Cancer Treatment Centers of America at Midwestern Zion Acute Care Hospital
Mercy Hospital Chicago Acute Care Hospital
Advocate South Suburban Hospital Hazel Crest Acute Care Hospital
Holy Cross Hospital Chicago Acute Care Hospital
Holy Family Medical Center Des Plaines Acute Care Hospital
Methodist Hospital of Chicago Chicago Acute Care Hospital
Provena Mercy Medical Center Aurora Acute Care Hospital
Rush Oak Park Hospital Oak Park Acute Care Hospital
Advocate Trinity Hospital Chicago Acute Care Hospital
Methodist Hospitals - Northlake Campus Gary Acute Care Hospital
Mount Sinai Hospital Chicago Acute Care Hospital
Lake Forest Hospital Lake Forest Acute Care Hospital

Angioplasty Introduction

Angioplasty is a relatively simple procedure that will increase or restore blood flow through an artery. This procedure is for people who have blocked or narrowed arteries due to coronary artery disease or may have suffered a heart attack. During this simple procedure, the doctor pushes a thin tube (catheter) with a balloon attached to the end up through a blood vessel in the arm or groin. Once the balloon is in place, the doctor inflates the balloon to move plaque (a sticky substance made up of fat, cholesterol, calcium and other substances found in the blood) toward the arterial walls, widening the artery to allow increased blood flow. Angioplasties can reduce chest pain by increasing blood flow, and it can also minimize damage to the heart following a heart attack. Angioplasties cause minimal pain. Cardiologists perform most angioplasties. You will be administered a sedative, but you will remain awake during the procedure. Patients usually spend one night in the hospital and can return to work in less than a week.

Patient Preparation for Angioplasty

You doctor will perform a physical exam along with blood or other diagnostic tests, such as X-rays and MRIs. It is particularly important to inform the physician of all medications or vitamins taken regularly or if you are pregnant (or think you might be pregnant). Tell your doctor if you have other medical conditions that may need special attention, or if you have a history of bleeding disorders or if you are taking any anticoagulant (blood-thinning) medications, aspirin or other medications that affect blood clotting. You will be given instructions in advance that will outline what you should and should not do in preparation for the procedure; be sure to read and follow those instructions. You may be asked to fast for eight hours before the procedure, generally after midnight, even though you will not be under general anesthesia. If you are given a prescription for pain medication, have it filled prior to surgery.

What to Expect During and After an Angioplasty

The procedure itself usually takes between 30 minutes and an hour. Patients typically arrive at the facility two hours before the procedure. An intravenous line is inserted into the arm to administer a sedative and any other medications that may be needed. Your heart rate, blood pressure, respiratory rate and oxygen level will be monitored during the procedure.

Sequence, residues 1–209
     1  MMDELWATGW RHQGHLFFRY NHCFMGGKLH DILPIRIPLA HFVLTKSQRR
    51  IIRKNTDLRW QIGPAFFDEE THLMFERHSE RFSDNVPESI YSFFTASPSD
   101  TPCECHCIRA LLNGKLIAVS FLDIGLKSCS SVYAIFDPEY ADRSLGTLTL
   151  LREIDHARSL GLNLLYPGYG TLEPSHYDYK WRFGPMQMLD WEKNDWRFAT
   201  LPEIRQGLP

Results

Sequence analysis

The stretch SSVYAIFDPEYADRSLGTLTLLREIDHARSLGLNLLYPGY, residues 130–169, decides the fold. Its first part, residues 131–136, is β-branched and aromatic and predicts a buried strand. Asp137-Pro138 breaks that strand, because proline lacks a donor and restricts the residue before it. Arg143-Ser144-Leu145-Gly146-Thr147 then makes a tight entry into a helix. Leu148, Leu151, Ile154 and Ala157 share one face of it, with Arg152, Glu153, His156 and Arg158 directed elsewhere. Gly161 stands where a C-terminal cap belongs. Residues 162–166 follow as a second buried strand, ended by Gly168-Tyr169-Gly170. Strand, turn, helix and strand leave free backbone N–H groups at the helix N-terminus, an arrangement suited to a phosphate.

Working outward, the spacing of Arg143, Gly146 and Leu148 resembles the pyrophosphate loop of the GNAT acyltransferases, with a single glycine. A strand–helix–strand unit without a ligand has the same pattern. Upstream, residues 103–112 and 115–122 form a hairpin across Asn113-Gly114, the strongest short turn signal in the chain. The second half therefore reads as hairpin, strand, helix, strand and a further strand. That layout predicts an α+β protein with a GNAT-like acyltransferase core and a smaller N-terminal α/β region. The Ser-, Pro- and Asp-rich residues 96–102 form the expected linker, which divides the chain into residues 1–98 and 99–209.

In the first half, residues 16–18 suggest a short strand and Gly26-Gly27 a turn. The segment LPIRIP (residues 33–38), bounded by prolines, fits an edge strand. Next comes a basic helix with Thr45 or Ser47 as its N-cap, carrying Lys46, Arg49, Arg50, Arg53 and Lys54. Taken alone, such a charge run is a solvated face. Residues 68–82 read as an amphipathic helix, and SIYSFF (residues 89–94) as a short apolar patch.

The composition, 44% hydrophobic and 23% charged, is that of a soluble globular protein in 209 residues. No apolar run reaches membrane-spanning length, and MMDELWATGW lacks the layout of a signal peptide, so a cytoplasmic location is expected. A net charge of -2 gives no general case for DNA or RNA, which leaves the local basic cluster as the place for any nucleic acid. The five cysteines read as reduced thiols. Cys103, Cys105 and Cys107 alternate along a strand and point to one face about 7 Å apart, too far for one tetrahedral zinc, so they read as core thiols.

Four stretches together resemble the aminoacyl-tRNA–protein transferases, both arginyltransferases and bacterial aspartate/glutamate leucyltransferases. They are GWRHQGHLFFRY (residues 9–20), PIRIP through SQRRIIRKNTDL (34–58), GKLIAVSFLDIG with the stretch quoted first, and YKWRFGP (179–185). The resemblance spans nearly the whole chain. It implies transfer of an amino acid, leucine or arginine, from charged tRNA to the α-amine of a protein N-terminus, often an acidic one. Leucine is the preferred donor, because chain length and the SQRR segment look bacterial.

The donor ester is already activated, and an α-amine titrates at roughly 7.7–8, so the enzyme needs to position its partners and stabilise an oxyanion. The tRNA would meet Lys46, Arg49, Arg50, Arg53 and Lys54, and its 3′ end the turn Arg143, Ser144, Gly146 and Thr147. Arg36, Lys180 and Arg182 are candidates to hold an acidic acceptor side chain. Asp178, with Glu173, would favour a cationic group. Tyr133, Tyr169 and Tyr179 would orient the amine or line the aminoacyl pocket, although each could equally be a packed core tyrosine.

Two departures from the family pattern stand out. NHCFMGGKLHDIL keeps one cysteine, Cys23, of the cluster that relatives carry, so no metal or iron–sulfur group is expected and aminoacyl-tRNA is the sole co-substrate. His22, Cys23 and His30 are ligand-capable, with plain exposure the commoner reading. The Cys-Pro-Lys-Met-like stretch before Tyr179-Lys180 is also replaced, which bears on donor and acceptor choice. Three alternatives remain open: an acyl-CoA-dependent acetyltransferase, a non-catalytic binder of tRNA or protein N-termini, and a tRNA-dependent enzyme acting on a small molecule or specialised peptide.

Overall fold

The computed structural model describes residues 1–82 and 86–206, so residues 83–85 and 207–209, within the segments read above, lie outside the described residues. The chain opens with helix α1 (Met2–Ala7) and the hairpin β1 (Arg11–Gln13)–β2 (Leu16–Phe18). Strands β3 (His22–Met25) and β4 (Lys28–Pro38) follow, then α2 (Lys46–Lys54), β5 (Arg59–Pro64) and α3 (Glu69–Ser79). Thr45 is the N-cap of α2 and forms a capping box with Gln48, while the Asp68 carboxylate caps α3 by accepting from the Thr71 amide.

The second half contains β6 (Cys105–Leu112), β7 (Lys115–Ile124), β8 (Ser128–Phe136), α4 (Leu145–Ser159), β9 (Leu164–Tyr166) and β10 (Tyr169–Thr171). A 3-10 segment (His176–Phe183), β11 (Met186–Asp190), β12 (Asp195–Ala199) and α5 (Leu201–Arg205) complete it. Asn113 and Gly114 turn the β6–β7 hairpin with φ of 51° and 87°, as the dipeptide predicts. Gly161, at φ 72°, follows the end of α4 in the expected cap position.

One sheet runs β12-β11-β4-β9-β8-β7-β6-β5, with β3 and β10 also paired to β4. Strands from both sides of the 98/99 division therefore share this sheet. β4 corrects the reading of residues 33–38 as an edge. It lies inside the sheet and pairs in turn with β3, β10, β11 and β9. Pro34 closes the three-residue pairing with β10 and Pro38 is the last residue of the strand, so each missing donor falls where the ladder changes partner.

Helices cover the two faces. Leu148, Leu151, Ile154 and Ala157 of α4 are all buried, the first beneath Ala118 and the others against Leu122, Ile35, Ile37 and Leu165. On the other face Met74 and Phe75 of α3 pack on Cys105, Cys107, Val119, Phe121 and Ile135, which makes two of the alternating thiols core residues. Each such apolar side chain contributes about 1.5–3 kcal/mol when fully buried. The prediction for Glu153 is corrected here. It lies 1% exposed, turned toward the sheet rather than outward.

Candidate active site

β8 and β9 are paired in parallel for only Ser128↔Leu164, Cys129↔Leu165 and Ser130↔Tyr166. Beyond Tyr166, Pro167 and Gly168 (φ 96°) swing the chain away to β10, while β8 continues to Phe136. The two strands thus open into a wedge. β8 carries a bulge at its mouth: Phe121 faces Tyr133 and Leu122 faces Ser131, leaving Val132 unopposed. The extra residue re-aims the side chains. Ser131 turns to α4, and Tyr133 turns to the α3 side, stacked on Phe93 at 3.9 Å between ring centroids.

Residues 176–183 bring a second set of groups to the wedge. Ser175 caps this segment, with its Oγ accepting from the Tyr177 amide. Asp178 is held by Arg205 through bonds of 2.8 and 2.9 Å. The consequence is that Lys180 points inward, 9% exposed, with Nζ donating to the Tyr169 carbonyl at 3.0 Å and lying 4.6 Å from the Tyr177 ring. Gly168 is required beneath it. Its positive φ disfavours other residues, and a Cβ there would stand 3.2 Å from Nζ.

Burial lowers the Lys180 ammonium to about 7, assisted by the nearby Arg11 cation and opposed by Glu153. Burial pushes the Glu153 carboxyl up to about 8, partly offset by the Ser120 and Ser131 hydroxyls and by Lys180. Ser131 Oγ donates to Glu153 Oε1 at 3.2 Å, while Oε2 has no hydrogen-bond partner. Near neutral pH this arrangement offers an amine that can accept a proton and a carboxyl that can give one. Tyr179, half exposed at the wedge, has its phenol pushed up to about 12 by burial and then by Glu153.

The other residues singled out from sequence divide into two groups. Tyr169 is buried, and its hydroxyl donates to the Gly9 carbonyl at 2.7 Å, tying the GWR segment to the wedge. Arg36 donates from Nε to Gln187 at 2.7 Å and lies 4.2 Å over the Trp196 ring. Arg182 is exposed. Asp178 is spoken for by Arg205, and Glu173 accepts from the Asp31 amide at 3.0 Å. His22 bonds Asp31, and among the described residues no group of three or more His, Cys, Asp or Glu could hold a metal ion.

The doctor will numb the area on your arm (near the brachial artery) or groin (femoral artery) where he or she will insert the catheter. Angioplasties cause very little pain.

The surgeon will make an incision and then push the catheter through the artery toward the heart into the coronary artery. Throughout the procedure, the doctor will be able to view the movement of the catheter with an x-ray attached to a monitor. When the tip of the catheter reaches the blockage, a smaller tube with a balloon attached will be threaded through the larger catheter. Once in place, the balloon will be inflated. This will push the plaque to the arterial wall to make a wider opening. The doctor will continue to inflate the balloon until the desired blood flow is reached. This process may be repeated once or twice until the artery remains open. Finally, the catheter will be removed.

After surgery, you will be taken to the recovery room for observation. It can take a few hours for the sedatives to wear off. A healthcare worker or a special device will apply pressure to the incision until it stop bleeding -- usually about 20 minutes. You will to stay in bed for about six hour following the angioplasty. After this period, a nurse or technician will help you get out of bed. You will be encouraged to walk around. If no complications occur overnight, you will be discharged to go home. Make sure you arrange a ride.

You will be given instructions about care for your incisions, limits on activities and what you should do to aid your recovery. You’ll be able to return to your job if it does not require physical exertion within a day of being discharged; however, your doctor may advise you to wait several days if your job duties require you to use your legs, bend or lift. Your cardiologist may prescribe a blood thinner to lower your chances of developing a blood clot. After six weeks, you will return to your doctor for a stress test to make sure the artery has remained open. If you have chest pains or other cardiac symptoms return, contact your doctor immediately and go to the emergency room.